This story is a continuation of the New America Weekly’s Women’s History Month edition.
“Oh, you study math?”
Whenever I told people what I studied as an undergraduate, I was met with a blend of surprise and confusion, as people tried to figure out if this news was “impressive”—since I am a woman—or expected—since I am Asian.
It’s no secret that there are fewer women in the science, technology, engineering, and math (STEM) fields than there are men. Plenty of research around this inequality points to the ways in which STEM fields are often framed to be for “naturally smart,” “clever,” or “brilliant” students—a category that young girls and women don’t often see themselves fitting into. I saw this dynamic play out frequently in the math classrooms where I was a student, but also in the ones where I was a student teacher. Unfortunately, this kind of classroom culture, which is both gendered and racialized, too often prescribes which students “belong”—and therefore succeed—in STEM classrooms.
Given the dubious signals from the current administration this week about its support for women and students of color in STEM fields, it’s important for us to be critical of STEM education efforts—which often overlook the subtle ways that our schools, teachers, and culture continue to perpetuate STEM disparity in classrooms.
In my own math classes, the women (sizable in numbers at UC Berkeley, but still underrepresented) often started their questions with an apology for speaking up or for not understanding the content. When a professor asked students to share how they completed a problem, I noticed that my female peers qualified their work before presenting it, beginning with phrases like “It’s probably wrong, but… ”; “I don’t know if this is right, but… ”; and “I’m not really sure, but…” Even when our male peers were skeptical of their own work, they usually presented answers and asked questions with a firm confidence.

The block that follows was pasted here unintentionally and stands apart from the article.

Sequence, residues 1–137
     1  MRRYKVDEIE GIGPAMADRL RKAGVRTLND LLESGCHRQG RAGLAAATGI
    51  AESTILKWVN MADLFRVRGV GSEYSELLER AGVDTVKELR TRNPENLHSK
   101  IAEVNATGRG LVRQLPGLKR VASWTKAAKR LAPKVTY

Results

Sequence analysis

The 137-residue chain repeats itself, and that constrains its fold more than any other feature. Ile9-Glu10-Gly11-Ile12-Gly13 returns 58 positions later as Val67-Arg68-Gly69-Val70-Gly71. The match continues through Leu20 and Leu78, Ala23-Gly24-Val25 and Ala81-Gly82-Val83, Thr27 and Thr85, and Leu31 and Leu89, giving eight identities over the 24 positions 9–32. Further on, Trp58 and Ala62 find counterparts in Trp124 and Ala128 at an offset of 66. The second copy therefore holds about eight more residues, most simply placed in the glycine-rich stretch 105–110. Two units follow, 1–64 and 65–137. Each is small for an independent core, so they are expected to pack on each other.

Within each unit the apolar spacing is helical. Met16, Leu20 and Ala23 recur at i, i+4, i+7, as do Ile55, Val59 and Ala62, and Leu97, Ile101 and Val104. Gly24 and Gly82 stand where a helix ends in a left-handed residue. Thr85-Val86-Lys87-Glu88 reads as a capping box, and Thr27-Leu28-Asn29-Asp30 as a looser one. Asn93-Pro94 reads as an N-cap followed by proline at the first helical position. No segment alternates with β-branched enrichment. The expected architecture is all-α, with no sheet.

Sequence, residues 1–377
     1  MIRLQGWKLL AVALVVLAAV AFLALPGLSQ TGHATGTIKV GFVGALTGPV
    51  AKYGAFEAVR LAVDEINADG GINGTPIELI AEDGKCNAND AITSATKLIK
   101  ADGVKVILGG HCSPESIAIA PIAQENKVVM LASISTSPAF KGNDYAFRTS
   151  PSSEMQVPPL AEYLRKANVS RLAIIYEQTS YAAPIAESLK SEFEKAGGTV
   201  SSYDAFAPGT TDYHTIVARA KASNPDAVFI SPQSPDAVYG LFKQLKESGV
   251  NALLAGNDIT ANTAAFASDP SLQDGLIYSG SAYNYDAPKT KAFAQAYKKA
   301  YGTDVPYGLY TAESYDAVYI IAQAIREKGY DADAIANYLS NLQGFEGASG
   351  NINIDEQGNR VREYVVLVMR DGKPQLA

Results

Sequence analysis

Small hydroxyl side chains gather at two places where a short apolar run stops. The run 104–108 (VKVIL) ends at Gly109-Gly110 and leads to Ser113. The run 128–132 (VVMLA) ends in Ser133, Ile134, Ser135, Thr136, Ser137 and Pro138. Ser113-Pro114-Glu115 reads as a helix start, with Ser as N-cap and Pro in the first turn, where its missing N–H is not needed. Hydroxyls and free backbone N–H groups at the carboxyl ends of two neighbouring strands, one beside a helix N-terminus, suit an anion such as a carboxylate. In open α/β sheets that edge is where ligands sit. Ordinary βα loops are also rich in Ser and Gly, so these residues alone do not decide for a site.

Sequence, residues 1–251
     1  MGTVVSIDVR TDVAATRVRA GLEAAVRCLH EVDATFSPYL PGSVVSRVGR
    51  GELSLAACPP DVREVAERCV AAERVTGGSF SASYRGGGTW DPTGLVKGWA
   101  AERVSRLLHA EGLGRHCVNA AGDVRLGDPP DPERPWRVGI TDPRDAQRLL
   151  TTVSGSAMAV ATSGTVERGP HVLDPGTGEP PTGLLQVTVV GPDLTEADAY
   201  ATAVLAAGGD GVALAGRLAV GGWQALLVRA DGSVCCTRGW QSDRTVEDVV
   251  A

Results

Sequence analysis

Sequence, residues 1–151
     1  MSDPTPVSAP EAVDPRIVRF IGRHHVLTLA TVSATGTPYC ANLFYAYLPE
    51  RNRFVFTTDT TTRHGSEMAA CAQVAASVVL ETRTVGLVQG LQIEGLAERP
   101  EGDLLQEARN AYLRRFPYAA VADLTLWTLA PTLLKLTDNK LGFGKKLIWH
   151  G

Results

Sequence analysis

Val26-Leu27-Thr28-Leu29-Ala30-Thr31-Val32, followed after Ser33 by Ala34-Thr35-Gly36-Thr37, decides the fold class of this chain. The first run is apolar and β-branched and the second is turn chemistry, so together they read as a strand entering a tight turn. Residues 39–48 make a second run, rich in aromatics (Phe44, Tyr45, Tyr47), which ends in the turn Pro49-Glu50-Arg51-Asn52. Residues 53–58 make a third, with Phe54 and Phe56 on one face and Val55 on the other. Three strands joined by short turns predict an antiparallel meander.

I saw similar patterns in my student teaching. Many of the girls I worked with in a sixth grade Bay Area classroom told me that they weren’t “good” at math because they weren’t “smart.” Why did they think this? To them, being “good” at math or being “smart” meant that they should be able to finish their work quickly, do basic numeric operations in their heads (even with large numbers), and get most of the problems correct during timed activities. If they took a little longer, tried different ways of doing math, used different academic vocabulary, or needed to use scratch paper, they labeled themselves “dumb”—even if they got the correct answers.
Most of my students were either 10 or 11 years old. While I was surprised at first that students so young were already so adamant about labeling their intellectual capacities, a recent study from Princeton University shows that students adopt these gendered mindsets as young as age 6.
In other words, by the time they are 6 years old, young girls already associate brilliance and natural intelligence with male-ness, and they subsequently dissociate themselves from being as likely to be good at math and science.
Of course, some girls are able to overcome these stereotypes and succeed in STEM fields. However, many don’t, and studies have shown that this difference is often a racialized one.